According to this table, gasoline has a specific energy noticeably higher than fat and more than twice that of carbohydrates; even short-chain hydrocarbons like ethanol and even methanol offer an improvement in specific energy over carbohydrates. Given this, why are carbohydrates the most common short-to-medium-term energy storage form in biology?

  • $\begingroup$ Two quick reasons: (1) those compounds are toxic to cells, or may give toxic metabolites when metabolized; or (2) they might actually be great energy sources, but enzymes to process them have never evolved. $\endgroup$
    – Roland
    Aug 12 '15 at 16:50
  • $\begingroup$ I would argue that the toxicity is as much a result of the "choice" of energy storage as a cause, since toxicity is basically metabolic/physiological incompatibility; also, numerous organisms have evolved toxin immunity quite quickly where advantageous. (Also, the metabolites of hydrocarbons are simply water and carbon dioxide, the same as carbohydrates) Secondly, my question is essentially why those enzymes haven't evolved? Complexity seems an odd reason, since straight-chain hydrocarbons are simpler than carbohydrates, so what advantage selected for the latter rather than the former? $\endgroup$ Aug 12 '15 at 19:16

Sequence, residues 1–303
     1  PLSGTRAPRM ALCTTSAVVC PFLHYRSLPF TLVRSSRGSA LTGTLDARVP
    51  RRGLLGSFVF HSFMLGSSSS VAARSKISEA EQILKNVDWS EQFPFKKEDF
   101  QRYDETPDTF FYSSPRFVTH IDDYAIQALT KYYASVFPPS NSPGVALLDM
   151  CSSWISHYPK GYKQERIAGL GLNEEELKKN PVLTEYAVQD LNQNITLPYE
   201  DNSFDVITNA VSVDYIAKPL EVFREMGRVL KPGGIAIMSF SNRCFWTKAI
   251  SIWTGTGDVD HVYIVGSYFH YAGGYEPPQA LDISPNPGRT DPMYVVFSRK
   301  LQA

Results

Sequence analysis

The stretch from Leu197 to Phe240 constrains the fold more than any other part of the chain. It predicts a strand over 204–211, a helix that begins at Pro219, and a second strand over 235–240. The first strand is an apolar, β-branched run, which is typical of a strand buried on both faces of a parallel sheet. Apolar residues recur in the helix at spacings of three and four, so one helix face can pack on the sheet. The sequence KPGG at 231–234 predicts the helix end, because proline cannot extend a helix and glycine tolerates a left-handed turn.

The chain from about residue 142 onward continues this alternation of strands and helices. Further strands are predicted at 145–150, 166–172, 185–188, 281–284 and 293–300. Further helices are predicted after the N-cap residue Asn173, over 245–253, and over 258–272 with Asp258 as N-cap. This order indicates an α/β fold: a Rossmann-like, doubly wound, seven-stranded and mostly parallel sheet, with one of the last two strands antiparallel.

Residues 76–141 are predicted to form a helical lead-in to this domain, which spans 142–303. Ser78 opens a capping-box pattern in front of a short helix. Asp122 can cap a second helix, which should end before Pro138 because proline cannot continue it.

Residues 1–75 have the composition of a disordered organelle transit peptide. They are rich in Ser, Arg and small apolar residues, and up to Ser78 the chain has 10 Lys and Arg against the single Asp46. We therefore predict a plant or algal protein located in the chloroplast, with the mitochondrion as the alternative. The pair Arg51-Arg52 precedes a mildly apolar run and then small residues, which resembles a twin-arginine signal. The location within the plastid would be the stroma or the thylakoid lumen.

• $\begingroup$ I agree with your comment about metabolic compatibility, but toxicity is not determined simply by elemental composition. The rest sounds similar to many questions on this forum of the form "why haven't cool function X evolved". Evolution is cannot plan ahead, so it gets stuck in local optima all the time. Photosynthesis somehow (randomly?) evolved to produce sugars from CO2, and thereafter sugars became a common currency. This may well be just a coincidence. But these are so early events in evolution that we really don't have any way of knowing. $\endgroup$
    – Roland
    Aug 12 '15 at 21:22
  • $\begingroup$ I fully understand that evolution tends to an immediate optimum rather than a long-term one, in which case the answer I am looking for would be the local optimum which made carbohydrate metabolism more (immediately) advantageous. Given that hydrocarbon-based metabolisms have evolved and currently exist, the implication is that carbohydrates offer or offered some selective advantage over hydrocarbons. $\endgroup$ Aug 14 '15 at 13:51

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